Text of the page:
People in Iran who turn to mining digital currency via their domestic electricity supply will now face heavy fines, according to a spokesperson for the Iranian government.
Mostafa Rajabi, a spokesperson for the Energy Ministry in Tehran, said users would be subject to significant fines if caught mining from home, citing block reward mining as one of the major threats to Iran’s energy supply this year.
Alongside shortages in hydropower caused by a lack of rain, the Energy Ministry has flagged block reward mining as a risk factor in maintaining national supply, hence the efforts to crackdown on those using domestic utilities for mining activity.
According to Rajabi, block reward mining could even lead to national blackouts this year, with anyone caught mining liable to pay compensation for any outages or disruption caused to energy supply in the country.
The move comes as the latest attempt from authorities in Iran to clampdown on the digital currency mining sector, after first legalizing mining in 2019—at the time seen as a response to U.S. sanctions and their pressure on the Iranian economy.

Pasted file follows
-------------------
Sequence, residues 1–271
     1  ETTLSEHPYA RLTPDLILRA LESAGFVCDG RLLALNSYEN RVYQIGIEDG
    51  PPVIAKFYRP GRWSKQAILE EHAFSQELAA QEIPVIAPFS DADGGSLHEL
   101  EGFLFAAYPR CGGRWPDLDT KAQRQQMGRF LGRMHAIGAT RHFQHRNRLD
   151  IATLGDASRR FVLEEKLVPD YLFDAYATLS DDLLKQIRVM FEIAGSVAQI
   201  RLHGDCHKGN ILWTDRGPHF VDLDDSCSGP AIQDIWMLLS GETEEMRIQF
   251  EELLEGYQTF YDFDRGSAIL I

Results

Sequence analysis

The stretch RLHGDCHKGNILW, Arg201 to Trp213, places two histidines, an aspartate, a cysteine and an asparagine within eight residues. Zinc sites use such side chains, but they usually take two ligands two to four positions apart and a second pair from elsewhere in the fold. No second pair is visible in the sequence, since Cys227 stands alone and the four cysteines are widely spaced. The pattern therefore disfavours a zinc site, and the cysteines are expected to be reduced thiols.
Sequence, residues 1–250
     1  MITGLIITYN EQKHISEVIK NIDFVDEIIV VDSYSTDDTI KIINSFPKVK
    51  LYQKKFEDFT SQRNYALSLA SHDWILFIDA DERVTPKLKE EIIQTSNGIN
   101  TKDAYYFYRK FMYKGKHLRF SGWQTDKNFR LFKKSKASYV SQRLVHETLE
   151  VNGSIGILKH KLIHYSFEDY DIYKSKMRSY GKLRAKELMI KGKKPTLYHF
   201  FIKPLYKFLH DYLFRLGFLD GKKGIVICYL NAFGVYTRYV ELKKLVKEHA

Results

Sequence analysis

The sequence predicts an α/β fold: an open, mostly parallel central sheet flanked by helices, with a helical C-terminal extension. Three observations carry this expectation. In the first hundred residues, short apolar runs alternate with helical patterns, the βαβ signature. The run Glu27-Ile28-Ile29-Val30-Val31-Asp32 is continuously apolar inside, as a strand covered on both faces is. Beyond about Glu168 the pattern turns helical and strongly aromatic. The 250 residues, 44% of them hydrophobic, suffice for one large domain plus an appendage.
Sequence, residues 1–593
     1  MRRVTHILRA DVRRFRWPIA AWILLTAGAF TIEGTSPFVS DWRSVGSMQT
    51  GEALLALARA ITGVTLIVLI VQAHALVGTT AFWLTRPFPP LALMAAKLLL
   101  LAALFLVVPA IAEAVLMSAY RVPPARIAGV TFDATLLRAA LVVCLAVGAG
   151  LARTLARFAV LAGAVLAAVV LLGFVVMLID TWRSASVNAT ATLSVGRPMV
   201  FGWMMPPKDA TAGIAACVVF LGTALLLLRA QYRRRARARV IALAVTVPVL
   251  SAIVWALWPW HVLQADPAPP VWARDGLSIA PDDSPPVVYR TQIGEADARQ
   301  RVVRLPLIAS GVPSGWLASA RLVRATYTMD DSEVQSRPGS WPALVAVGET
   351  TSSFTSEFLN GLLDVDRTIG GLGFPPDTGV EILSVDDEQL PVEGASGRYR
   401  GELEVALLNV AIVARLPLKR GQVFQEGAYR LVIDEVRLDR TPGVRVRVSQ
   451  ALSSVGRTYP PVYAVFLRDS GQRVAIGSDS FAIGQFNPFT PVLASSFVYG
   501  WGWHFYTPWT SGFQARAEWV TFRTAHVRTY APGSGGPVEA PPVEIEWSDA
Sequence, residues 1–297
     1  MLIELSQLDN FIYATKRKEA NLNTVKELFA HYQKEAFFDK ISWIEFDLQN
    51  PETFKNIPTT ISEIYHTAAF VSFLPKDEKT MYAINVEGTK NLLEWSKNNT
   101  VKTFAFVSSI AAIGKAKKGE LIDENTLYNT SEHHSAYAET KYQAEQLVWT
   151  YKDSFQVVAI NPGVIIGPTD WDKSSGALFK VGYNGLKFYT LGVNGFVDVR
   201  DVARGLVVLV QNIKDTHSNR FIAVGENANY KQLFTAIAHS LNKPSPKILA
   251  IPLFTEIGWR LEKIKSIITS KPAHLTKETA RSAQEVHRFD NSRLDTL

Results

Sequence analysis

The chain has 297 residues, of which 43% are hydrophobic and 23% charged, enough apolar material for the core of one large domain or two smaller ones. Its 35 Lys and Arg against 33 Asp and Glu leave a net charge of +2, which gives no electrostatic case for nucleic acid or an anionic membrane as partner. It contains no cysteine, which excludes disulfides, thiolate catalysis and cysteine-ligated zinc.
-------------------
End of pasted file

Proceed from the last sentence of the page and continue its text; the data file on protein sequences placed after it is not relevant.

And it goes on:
Legislation was then introduced to ban mining during peak energy consumption hours, as well as preventing the use of subsidized energy for mining activities, in order to preserve supply.
By October 2020, block reward mining had become a significant sector of the economy, leading to proposals from the Central Bank of Iran to hold the proceeds of Iranian mined digital currencies as government funds to help finance imports.
However, despite being notionally supportive of block reward mining, the industry has caused increasing pressures on the country’s national grid, leading to fears about its impact on national electricity demand.
The new proposals will be a blow for domestic digital currency miners in Iran, a further sign of the government’s desire for more rigorous regulation in the sector.
See also: TAAL’s Jerry Chan presentation at CoinGeek Live, The Shift from Bitcoin “Miners” to “Transaction Processors”
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